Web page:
Modular refinery 1

The much awaited policy move on petroleum refining in Africa’s biggest economy has come. Decades of dependence on imported refined products has taken a huge toll on Nigeria’s economy. It technically moved Nigerian jobs abroad, put enormous pressure on the Naira due to foreign exchange and promoted corruption through subsidies, while encouraging product smuggling. In late May, Nigeria’s Department of Petroleum Resources (DPR) carried out a series of workshops to promote a new policy that encouraged investment in modular refining in Nigeria.

This is indeed a good investment window that holds economic, social and development value for Nigeria and potential investors. However, mini refining holds a tricky margin, which calls for the most skilled and surgical approach to guarantee profitability. The following is an analysis of some of the essential considerations of mini-refining; in the context of Nigeria’s business environment.



The new refining opportunity in Nigeria is a great initiative. Its impacts transcend economic gains for investors and entrepreneurs with respect to its potential contributions to national development. The most interesting element of mini refining is the relative low setup cost, when compared with full conversion refineries (with capacities of 200,000 bpd) whose cost will be between $2 – 9 billion. For example, The Turkish Socar refinery is a $5 billion modern refinery funded by the International Finance Corporation (IFC).

Mini-refineries can be established with about $100-$250 million. Depending on the configuration the cost can be lower or higher. In addition, it offers the possibility of phased construction and the flexibility of quick and easy upgrade to reflect changes in product demand. An initial 30,000 bpd capacity refinery can be upgraded to double or triple the capacity with ease and speed.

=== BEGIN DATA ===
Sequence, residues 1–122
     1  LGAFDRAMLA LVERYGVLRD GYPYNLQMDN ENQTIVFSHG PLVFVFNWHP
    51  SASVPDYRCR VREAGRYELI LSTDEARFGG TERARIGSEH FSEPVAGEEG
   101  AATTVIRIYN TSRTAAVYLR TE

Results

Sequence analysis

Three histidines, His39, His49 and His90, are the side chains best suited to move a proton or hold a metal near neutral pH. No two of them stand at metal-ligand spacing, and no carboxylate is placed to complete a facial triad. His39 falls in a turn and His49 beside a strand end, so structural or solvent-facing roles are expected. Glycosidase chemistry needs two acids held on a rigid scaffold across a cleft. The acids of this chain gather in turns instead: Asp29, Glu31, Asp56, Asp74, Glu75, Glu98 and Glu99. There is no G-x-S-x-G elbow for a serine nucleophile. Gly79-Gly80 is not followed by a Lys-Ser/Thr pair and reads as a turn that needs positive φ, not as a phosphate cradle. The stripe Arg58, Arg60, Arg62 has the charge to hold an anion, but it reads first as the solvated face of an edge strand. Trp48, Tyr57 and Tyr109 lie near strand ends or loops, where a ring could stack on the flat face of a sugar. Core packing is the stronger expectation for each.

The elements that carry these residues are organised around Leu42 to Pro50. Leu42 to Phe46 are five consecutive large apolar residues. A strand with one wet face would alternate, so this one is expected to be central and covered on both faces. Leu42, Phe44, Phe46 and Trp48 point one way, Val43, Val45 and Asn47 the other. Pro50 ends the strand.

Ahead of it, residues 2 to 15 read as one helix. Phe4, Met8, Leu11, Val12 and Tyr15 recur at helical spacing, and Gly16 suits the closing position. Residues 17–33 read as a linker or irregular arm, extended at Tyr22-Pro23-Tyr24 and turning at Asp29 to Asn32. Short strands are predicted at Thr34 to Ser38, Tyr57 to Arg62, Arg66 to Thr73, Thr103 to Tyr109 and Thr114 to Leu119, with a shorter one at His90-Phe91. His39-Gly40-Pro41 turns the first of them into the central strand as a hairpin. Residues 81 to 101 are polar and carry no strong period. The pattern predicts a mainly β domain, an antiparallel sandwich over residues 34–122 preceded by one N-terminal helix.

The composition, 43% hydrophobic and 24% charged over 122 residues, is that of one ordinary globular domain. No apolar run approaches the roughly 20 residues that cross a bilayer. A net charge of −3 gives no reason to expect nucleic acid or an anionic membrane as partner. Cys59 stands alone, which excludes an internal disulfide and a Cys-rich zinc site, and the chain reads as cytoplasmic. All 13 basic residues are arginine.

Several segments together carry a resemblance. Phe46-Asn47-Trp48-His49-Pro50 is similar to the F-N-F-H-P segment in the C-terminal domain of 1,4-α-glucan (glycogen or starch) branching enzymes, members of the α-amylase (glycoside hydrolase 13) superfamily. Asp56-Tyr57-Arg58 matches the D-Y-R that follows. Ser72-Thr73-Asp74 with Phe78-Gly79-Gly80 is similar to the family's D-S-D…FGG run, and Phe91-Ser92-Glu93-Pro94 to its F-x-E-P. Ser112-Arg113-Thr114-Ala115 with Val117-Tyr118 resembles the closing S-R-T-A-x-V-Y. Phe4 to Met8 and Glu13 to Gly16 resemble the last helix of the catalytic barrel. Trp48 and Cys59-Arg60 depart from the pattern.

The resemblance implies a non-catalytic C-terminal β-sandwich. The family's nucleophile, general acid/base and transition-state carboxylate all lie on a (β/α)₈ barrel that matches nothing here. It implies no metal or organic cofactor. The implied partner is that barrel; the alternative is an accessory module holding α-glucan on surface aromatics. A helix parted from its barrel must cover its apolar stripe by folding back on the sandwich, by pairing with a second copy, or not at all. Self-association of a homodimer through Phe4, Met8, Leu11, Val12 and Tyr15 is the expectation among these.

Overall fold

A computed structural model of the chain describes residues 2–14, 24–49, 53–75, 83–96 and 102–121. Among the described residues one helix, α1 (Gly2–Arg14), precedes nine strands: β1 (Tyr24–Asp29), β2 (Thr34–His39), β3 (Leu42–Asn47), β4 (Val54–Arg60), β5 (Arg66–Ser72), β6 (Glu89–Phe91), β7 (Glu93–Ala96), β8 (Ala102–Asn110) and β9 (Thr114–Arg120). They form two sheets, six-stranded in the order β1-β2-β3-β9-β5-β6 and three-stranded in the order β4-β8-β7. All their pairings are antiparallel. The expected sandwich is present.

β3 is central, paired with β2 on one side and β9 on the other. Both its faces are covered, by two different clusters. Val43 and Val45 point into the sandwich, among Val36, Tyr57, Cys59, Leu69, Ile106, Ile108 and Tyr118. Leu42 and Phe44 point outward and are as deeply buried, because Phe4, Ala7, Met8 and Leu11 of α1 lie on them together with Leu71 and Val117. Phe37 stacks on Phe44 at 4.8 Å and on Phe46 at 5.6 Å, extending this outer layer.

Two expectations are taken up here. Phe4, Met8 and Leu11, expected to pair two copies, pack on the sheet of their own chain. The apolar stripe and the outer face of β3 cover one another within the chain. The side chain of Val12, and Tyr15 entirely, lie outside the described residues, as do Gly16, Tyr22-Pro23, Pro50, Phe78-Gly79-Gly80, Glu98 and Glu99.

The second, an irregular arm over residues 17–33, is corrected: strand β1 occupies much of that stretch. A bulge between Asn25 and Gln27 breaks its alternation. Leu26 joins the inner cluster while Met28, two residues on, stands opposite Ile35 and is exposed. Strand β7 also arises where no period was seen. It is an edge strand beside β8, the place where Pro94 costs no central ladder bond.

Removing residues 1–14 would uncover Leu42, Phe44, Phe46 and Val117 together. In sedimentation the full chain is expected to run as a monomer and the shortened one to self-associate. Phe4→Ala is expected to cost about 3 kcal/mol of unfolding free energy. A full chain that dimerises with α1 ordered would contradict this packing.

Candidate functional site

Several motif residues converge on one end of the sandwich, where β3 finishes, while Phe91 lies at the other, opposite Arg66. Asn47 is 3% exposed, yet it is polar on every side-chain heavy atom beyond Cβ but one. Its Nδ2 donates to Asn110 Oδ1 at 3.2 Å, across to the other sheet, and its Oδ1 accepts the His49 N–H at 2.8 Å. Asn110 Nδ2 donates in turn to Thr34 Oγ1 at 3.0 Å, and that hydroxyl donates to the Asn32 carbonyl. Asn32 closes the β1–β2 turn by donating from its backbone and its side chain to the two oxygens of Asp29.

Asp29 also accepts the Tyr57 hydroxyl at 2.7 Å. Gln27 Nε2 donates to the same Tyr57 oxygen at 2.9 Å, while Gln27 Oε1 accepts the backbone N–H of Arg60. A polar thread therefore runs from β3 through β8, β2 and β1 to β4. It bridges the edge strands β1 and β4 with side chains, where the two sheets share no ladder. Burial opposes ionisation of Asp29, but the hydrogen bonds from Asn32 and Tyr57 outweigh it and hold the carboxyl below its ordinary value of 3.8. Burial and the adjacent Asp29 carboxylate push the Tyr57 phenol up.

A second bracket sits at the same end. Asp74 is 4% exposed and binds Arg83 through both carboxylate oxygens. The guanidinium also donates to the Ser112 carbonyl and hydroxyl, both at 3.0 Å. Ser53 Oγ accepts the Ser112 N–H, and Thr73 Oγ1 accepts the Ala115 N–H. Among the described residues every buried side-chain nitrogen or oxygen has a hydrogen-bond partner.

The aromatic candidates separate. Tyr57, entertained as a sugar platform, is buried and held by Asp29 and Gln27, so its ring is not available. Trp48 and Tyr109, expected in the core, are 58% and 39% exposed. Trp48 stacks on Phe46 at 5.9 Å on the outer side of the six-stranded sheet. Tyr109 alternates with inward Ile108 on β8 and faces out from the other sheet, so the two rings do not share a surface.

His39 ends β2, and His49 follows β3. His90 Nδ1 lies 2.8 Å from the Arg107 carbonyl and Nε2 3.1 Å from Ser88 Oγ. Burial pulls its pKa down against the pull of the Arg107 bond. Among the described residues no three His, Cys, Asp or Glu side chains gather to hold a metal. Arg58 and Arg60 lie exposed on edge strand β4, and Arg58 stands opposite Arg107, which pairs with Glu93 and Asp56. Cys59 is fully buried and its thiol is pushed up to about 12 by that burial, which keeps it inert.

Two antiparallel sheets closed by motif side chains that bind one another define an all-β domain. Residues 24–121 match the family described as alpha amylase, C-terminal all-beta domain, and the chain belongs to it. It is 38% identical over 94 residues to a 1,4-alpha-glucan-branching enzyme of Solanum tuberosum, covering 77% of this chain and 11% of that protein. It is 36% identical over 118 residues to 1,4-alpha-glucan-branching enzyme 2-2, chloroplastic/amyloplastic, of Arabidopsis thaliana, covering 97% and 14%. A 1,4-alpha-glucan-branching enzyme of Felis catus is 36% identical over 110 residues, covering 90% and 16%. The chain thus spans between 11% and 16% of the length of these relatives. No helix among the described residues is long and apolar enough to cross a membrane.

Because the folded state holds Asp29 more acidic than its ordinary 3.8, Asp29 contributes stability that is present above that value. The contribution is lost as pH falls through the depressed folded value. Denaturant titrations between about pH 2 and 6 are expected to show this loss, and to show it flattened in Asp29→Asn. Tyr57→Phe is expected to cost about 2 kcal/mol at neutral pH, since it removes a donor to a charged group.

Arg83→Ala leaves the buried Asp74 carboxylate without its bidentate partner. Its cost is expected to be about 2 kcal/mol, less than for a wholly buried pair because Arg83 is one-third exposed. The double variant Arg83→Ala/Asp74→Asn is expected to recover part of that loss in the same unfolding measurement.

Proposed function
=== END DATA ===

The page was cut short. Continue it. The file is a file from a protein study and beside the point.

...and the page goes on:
In addition to low capital, being skid mounted means construction time is compressed and the quality of engineering is improved. New demands can be easily met with the addition of new modules. Different plants can serve different markets (such as the 6 geopolitical zones in Nigeria) rather than feeding a whole nation or region with a single plant, together with the associated risk of creating an elephant-sized supply chain and operations management system. However it cannot boast of the same scale and efficiency obtainable from a full conversion plant and will typically require more personnel per Effective Distillation Capacity (EDC).



TOPPING PLANT; it consists of only a crude distillation unit and (usually) a catalytic reformer to provide gasoline. It typically permits only condensates and light sweet crude.

CRACKING REFINERY; this type takes the gasoil component from the crude distillation unit and breaks it further into gasoline & distillate components. It utilizes catalyst, high temperature and pressure. (more sophisticated than a topping plant).

COKING REFINERY; this type of refinery utilizes residual fuel (the heaviest material from the crude unit. The addition of a Fluid Catalytic Cracking Unit (FCCU) significantly increases the yield of higher valued products like crude gasoline and diesel oil from a barrel of crude. Cooking refineries allows a refinery to process cheaper, heavier crude while producing an equivalent or greater volume of high valued products (Cenam Energy Partners). Due to cost considerations it’s possible to procure and re-attach a used hydro-cracker as an add-on to a modular mini-refinery to obtain a full conversion refinery. The FCCU makes very significant contribution to a refinery’s profitability.



The profitable operation of mini refineries requires care. Investors should have a good knowledge and vision of what is to be achieved. The viability and operational economics of mini-refineries depends on a number of factors as well as their interplay namely: